<span class="mw-page-title-main">Ian Hanomansing</span> Canadian journalist

Ian Harvey Hanomansing is a Canadian television journalist with the Canadian Broadcasting Corporation (CBC). He formerly hosted CBC News Network Vancouver on CBC News Network, and reports for CBC Television's nightly newscast, The National.

Pivot Legal Society is a legal advocacy organization based in Vancouver, British Columbia's Downtown Eastside. Founded in 2001, Pivot's goal is to represent and defend the interests of marginalized communities affected by poverty and social exclusion. It accomplishes this through strategic litigation and public advocacy directed at government.

<span class="mw-page-title-main">Vancouver Agreement</span>

The Vancouver Agreement was an initiative undertaken jointly by the governments of Canada, British Columbia, and the City of Vancouver, to develop and revitalize Vancouver, and in particular its Downtown Eastside, through collaboration between projects and ministries at all three levels of government, as well as community and business groups. While other parts of the city are also targeted by the initiative, its Downtown Eastside area is notorious across Canada for its deep problems with poverty, substance abuse, prostitution, violent crime and homelessness, and the agreement’s stated goals include promoting the health, safety and economic and social well being of the neighbourhood. The initial five-year agreement began in March, 2000 and expired in March, 2010.

City of Gold is a 1957 Canadian documentary film by Colin Low and Wolf Koenig, chronicling Dawson City during the Klondike Gold Rush. It made innovative use of archival photos and camera movements to animate still images, while also combining narration and music to bring drama to the whole. Its innovative use of still photography in this manner has been cited by Ken Burns as the source of inspiration for his so-called Ken Burns effect, a type of panning and zooming effect used in video production to animate still images.

<span class="mw-page-title-main">Wendy Poole Park</span>

Wendy Poole Park is a small triangular plot of parkland near the waterfront in the Downtown Eastside in Vancouver, British Columbia. The land is at Alexander Street and the Main Street Overpass, and it was named by the Vancouver Board of Parks and Recreation for a young aboriginal woman who was murdered nearby in 1989. The park contains a memorial boulder inscribed with information about Poole.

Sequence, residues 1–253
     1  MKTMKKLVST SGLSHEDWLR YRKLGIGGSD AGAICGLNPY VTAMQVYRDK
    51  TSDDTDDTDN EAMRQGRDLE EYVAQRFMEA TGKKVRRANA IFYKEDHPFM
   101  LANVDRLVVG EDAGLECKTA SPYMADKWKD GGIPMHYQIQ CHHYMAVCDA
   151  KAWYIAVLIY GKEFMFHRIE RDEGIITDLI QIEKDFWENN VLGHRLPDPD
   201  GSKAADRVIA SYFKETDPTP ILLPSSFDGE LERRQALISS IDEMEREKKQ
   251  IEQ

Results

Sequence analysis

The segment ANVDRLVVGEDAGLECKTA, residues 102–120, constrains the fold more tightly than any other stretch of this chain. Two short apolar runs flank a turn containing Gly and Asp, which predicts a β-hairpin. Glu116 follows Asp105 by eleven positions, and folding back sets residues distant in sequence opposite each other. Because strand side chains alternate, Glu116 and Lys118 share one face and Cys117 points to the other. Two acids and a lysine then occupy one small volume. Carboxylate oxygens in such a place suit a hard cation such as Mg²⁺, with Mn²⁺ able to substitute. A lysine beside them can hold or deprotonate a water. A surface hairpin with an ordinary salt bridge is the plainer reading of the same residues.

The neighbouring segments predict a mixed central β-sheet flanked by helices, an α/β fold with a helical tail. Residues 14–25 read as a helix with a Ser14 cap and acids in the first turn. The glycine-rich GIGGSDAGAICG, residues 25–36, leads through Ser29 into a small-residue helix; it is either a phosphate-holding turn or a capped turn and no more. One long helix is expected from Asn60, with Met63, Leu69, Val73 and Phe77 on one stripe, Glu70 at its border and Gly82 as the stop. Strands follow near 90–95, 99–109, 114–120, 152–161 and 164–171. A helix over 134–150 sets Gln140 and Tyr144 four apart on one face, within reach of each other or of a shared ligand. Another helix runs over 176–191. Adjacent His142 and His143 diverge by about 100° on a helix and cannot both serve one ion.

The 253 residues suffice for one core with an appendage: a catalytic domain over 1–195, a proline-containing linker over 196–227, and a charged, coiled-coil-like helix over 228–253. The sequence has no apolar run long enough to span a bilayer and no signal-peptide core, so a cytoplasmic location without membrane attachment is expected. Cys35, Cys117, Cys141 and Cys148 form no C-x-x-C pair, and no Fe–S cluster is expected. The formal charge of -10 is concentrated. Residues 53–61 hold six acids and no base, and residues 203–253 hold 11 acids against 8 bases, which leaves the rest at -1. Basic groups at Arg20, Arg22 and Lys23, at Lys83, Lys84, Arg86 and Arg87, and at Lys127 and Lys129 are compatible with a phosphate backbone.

Whistling Smith is a 1975 short documentary film directed by Marrin Canell and Michael J. F. Scott for the National Film Board of Canada. It was produced for the NFB's Pacificanada series, which aired on CBC-TV in early 1975.

<span class="mw-page-title-main">Charles Officer</span> Canadian writer, filmmaker, ice hockey player

Charles Officer is a Canadian writer, actor, director and former professional hockey player.

<i>Finding Dawn</i> 2006 Canadian film

Finding Dawn is a 2006 documentary film by Métis filmmaker Christine Welsh looking into the fate of an estimated 500 Canadian Aboriginal women who have been murdered or have gone missing over the past 30 years.

The Women's Memorial March is an annual event which occurs on February 14 in remembrance and in honour of the lives of missing and murdered indigenous women. This event is also a protest against class disparity, racism, inequality and violence. The event was originated and is held in Vancouver's Downtown East Side. The March begins on the corner of Main and Hastings and proceeds through downtown, stopping outside of bars, strip clubs, in alley ways and parking lots where women's bodies have been found. Each woman's name is read along with who she is a daughter to, or a mother of before the family and supporters pause to grieve.

Pacificanada is a National Film Board of Canada (NFB) Canadian documentary television miniseries about British Columbia which aired on CBC Television in 1975.

Wendy Tilby and Amanda Forbis are a Canadian animation duo. On January 24, 2012, they received their second Oscar nomination, for the National Film Board of Canada (NFB) animated short film, Wild Life (2011). With their latest film, The Flying Sailor, they received several nominations and awards, including for the Best Canadian Film at the Ottawa International Animation Festival, and on January 24, 2023, they received a nomination for the 95th Academy Awards under the category Best Animated Short Film.

Bear 71 is a 20-minute 2012 interactive National Film Board of Canada (NFB) web documentary by Leanne Allison and Jeremy Mendes about a female grizzly bear in Banff National Park named Bear 71, who had a tracking collar implanted at the age of three and was watched via trail cameras in the park from 2001 to 2009. The documentary follows the bear, exploring the connections between the human and animal world, and the far-ranging effects that human settlements, roads and railways have on wildlife.

Mort Ransen was a Canadian film and television director, editor, screenwriter and producer, best known for his Genie Award-winning 1995 film Margaret's Museum.

Trisha Baptie is a Vancouver-based citizen journalist and activist for the abolition of prostitution.

<i>Highrise</i> (documentary) Multimedia documentary project about life in residential highrises

Highrise is a multi-year, multimedia documentary project about life in residential highrises, directed by Katerina Cizek and produced by Gerry Flahive for the National Film Board of Canada (NFB). The project, which began in 2009, includes five web documentaries—The Thousandth Tower, Out My Window, One Millionth Tower, A Short History of the Highrise and Universe Within: Digital Lives in the Global Highrise—as well as more than 20 derivative projects such as public art exhibits and live performances.


  1. Beard, William; White, Jerry (2002-01-01). North of Everything: English-Canadian Cinema Since 1980 . University of Alberta. pp.  41. ISBN   9780888643902. North of everything Through a Blue Lens.